Saturday, January 16, 2021

Review: Domesticating Dragons by Dan Koboldt

by Dan Koboldt
Release Date: January 5th 2021
2021 Baen Books
Kindle Edition; 345 Pages
ISBN: 978-1982125110
Genre: Fiction / Sci-fi
Source: Review copy from publisher

4.5 / 5 Stars

Noah Parker, a newly minted Ph.D., is thrilled to land a dream job at Reptilian Corp., the hottest tech company in the American Southwest. He’s eager to put his genetic engineering expertise to use designing new lines of Reptilian’s feature product: living, breathing dragons.

Although highly specialized dragons have been used for industrial purposes for years, Reptilian is desperate to crack the general retail market. By creating a dragon that can be the perfect family pet, Reptilian hopes to put a dragon into every home.

While Noah’s research may help Reptilian create truly domesticated dragons, Noah has a secret goal. With his access to the company’s equipment and resources, Noah plans to slip changes into the dragons’ genetic code, bending the company’s products to another purpose entirely.
My Thoughts
Domesticating Dragons caught my attention simply because the word 'dragons' was in the title and I was curious as to how a science-fiction book was going to handle a subject that you would typically find in the fantasy genre.  I was definitely not disappointed as I found myself enjoying this book quite a bit, and was pleasantly surprised at how much I enjoyed the main characters and the dragons.  It was just pure fun.
Noah is one of those characters that really grew on me as the story progressed.  I wasn't a huge fan at the beginning as he was so consumed with his own agenda; I was sympathetic to the fact that he was trying to help his brother receive gene therapy, but was refused because they couldn't get an official diagnosis, and Noah was going to use the dragons to help, but it was more his attitude and his way of going about things that wasn't so endearing.  However, he definitely grew on me as the story progressed and I came to like him more and more.  I thought the author did a great job unveiling his personality and making him likeable, especially once the dragons came into the picture and he began to care for something other than his own agenda.  Noah did have a pretty good sense of humour as a main character, and I definitely appreciated his self-deprecating attitude. 

As a counterpoint to his days spent coding, Noah was a geocacher, and I really enjoyed those chapters devoted to his searches for those treasures. Here he runs into an old acquaintance, his ex-girlfriend's roommate, and together, they try to beat some of the more difficult geocache locations which are out in the Arizona desert. Summer was a really fun character to get to know, and if I have any criticism in this book, it's that I didn't get to learn as much as I wanted about her as she was  a really interesting character. And she could kick butt too!! There is definitely a lot more that happens with this side of the story, but there are spoilers here and I don't want to give anything away.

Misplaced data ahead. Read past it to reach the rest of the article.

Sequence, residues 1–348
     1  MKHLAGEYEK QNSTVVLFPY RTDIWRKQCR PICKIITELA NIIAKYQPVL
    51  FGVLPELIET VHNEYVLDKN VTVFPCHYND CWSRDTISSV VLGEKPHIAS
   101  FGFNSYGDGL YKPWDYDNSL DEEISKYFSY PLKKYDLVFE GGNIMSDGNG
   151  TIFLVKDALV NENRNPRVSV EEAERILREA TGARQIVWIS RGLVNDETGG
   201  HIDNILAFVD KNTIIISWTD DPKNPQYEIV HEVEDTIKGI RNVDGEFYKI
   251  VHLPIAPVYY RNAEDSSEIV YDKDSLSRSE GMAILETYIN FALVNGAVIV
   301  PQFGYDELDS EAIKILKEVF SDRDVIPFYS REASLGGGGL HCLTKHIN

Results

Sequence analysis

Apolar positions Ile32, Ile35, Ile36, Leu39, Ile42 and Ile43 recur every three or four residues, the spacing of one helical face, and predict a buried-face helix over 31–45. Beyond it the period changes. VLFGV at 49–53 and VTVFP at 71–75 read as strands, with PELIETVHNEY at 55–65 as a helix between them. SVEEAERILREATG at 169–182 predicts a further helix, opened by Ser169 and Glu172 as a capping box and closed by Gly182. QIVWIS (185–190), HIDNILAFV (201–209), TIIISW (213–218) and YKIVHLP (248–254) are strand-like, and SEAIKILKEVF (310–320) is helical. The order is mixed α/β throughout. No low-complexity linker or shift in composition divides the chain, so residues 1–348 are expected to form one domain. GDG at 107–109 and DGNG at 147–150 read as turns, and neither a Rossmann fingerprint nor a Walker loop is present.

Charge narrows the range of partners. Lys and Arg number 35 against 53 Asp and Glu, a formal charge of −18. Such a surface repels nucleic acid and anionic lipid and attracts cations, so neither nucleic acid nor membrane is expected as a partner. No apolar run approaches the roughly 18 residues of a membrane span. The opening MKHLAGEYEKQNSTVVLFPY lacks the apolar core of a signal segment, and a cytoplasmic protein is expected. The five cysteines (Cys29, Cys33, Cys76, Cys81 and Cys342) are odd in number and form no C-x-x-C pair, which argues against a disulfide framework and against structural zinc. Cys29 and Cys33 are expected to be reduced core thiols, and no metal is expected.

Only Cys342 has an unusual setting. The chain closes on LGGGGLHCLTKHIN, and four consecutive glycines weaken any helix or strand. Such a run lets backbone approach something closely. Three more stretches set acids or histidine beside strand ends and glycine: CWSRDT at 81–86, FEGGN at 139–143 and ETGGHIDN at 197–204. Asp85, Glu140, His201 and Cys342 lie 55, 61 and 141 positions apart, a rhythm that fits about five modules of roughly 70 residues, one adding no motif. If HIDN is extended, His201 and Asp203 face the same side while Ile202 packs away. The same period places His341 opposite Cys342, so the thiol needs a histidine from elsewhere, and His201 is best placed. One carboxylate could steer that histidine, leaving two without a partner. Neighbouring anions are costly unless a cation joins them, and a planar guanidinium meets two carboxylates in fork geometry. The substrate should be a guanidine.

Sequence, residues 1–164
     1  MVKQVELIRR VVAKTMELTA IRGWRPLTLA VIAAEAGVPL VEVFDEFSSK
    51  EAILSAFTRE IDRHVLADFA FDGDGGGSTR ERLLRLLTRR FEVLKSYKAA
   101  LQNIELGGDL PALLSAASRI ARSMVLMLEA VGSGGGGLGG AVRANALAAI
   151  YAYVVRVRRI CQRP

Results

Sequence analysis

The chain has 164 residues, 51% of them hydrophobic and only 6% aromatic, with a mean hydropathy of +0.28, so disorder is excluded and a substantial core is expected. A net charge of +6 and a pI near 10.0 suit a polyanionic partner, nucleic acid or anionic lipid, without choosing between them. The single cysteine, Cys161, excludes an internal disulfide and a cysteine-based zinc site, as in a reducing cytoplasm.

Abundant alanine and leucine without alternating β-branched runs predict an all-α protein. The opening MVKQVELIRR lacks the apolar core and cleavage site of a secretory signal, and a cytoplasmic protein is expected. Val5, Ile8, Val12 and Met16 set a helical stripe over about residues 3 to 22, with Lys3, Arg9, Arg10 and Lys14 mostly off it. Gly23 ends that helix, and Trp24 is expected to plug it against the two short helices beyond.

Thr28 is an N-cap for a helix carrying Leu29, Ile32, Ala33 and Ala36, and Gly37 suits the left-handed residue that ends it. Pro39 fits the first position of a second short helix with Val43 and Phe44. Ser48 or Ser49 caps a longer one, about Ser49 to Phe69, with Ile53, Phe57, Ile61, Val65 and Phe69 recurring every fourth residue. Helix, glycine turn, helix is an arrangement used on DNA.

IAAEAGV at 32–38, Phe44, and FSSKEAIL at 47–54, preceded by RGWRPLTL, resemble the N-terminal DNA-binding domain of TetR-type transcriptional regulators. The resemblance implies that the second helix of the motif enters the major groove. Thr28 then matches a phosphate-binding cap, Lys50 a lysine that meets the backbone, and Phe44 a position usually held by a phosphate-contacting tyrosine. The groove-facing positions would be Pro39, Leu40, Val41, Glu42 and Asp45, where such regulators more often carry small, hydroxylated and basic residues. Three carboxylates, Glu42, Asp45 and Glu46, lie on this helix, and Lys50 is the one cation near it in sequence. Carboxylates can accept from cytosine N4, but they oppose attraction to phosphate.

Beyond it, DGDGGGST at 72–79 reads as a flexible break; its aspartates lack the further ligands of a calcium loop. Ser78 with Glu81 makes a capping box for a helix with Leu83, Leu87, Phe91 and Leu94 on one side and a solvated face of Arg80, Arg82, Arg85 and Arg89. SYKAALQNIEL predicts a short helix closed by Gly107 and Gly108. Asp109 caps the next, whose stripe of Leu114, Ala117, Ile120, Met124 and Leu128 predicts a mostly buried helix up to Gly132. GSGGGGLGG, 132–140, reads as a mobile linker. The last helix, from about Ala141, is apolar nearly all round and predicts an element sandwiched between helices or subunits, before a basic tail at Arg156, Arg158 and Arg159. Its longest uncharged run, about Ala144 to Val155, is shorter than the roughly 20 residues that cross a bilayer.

I particularly enjoyed some of the added chapters from sales representatives or I guess they would be more like dragon help-lines.  They were pretty funny and added a lot of comedy/hilarity to the story; I couldn't help laughing out loud at some of the them.  Unfortunately, I could actually see some of these scenarios actually occurring.

The story itself moves rather quickly, especially in the second half of the book where most of the action really takes place.  And although there is a lot of talk about the funny types of dragons, and the cuddly ones, the author never lets you forget how dangerous they can be through certain scenes and certain scenarios.  It took everything in me not to check the last page of the book to make sure a certain dragon survived as I was more attached to it than to the main characters. 
Noah has a PhD in genetic engineering, and the book spent a lot of time talking about coding and genetics, something I appreciated.  The company for which he works, Reptilian, has created dragons to replace dogs which were wiped out several years ago due to a viral pestilence that has no cure. Noah's job was to help find the genetic markers that would turn the instinctual nature of a dragon to eat you into one that is domesticated, playful, and relatively tame.   The whole coding process and the types of dragons they created was pretty cool, and I even started longing for one myself.  Even one of Noah's previous programs was incorporated into the program at Reptilian and the coders all competed trying to create the perfect domesticated dragon, all within company parameters, of course, because the coders' agendas and the agendas of the CEO are not necessarily compatible. And this is where a secondary plot line comes into play. And this is where I will leave it as it's better not knowing what will happen.

Domesticating Dragons was a lot of fun and I devoured the book.  I do have a science background as well as history background, but I have no experience with genetics and coding so, to be honest, I have no idea if any of this is even remotely feasible.  I really enjoyed reading about the scientists' process as they discovered the domesticated dragons as too many science-fiction books tend to focus on the end result and not the process.  The plot moved quickly, especially in the second half, and the characters were interesting. I highly recommend this book to anyone looking for something a little different. And it involves dragons!!



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